I suppose it shouldn’t surprise anybody that Dr. Hern wrote that article when he had a government position — he was a U.S. Public health Service Trainee, and by the time the article was published, he was Chief of the Program Development and Evaluation Branch of the Family Planning Program, Office of Economic Opportunity. And the journal in which the article appeared is published by the Alan Guttmacher Institute.

Now, 24 years after the article was published, Dr. Hern is Director of the Boulder Abortion Clinic, “Specializing In Late Abortion.” I trust this does not surprise anybody either.

UPDATE: James Taranto has more on this at OpinionJournal.

3 Responses to “Missing the Obvious”

  1. romy Says:

    what are these … children … of which you speak?

    seriously, what a strange article. what a strange viewpoint, and a strange state we live in that would consider ALL women want any one thing and are incapable of making informed responsible decisions for themselves. (um, hello, what regime do we live under again? what year is it? yeah, that’s what i thought …)

    not to mention the fact that many women who spent their teens and twenties on birth control are now finding they can’t conceive when/if they want to, or have problem pregnancies or children with birth defects, or recurring ovarian trouble or chronic yeast infections …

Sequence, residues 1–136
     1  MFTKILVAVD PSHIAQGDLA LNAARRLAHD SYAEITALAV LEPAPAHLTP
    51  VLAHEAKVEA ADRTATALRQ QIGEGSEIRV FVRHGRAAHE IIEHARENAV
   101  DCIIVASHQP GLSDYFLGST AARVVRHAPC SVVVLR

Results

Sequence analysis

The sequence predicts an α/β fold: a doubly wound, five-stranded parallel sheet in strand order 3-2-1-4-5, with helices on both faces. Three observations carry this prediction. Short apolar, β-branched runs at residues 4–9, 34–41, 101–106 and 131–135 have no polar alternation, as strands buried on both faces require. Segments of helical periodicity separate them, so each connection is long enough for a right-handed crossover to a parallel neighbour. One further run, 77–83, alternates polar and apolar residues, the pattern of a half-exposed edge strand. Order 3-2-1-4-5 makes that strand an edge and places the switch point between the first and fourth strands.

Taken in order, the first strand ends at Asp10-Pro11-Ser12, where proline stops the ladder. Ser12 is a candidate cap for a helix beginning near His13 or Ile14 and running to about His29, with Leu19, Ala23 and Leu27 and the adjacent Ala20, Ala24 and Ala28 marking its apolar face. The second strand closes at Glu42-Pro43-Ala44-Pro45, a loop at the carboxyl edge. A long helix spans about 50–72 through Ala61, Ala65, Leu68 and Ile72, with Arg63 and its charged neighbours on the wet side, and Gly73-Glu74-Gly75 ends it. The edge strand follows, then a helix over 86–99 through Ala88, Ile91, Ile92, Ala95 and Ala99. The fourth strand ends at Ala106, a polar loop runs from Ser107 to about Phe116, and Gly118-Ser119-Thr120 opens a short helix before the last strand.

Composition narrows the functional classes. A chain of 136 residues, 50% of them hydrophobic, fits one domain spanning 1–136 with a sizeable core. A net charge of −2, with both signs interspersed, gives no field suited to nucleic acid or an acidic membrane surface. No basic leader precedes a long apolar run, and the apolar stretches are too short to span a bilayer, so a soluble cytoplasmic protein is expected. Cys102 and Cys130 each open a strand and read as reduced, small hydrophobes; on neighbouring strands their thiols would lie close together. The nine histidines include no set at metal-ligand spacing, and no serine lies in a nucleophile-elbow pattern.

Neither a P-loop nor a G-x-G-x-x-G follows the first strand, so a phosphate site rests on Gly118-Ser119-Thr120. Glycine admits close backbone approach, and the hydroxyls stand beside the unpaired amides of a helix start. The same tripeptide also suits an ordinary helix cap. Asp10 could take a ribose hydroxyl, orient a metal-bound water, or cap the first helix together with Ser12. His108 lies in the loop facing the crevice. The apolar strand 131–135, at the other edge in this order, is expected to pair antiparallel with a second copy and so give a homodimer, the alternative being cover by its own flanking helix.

and i think it’s telling when even roe stands up against her former position. http://www.roenomore.org/crossing_over/welcome.html

    thanks for a thought-provoking, if infuriating (not your fault) post, dr.

  2. Dave Schuler Says:

    A real tour de force post. Why is it that experts seem to know so little about how people actually behave? Perhaps they’ve put so much time and effort into becoming experts that it leaves no time for normal human experience. Have they actually considered that some women (particularly young women) become pregnant deliberately as a method of holding onto their boyfriends? It’s a foolish strategem these days but people do foolish things.

    And, on your contraceptives in the drinking water notion, my dad (a somewhat odd duck—simultaneously a 19th century and a 21st century man) believed that every woman receiving any form of welfare should receive her welfare checks personally from a federal employee in whose presence she would take her birth control pill.

  3. The Glittering Eye Says:

    Catching my eye: morning A through Z
    Here’s what’s caught my eye this morning: Just when you thought that the set of all possible Carnivals was complete…Carnival of the Doodles is now up at Ambivablog. It’s still accepting entries so if you’ve always been looking for a…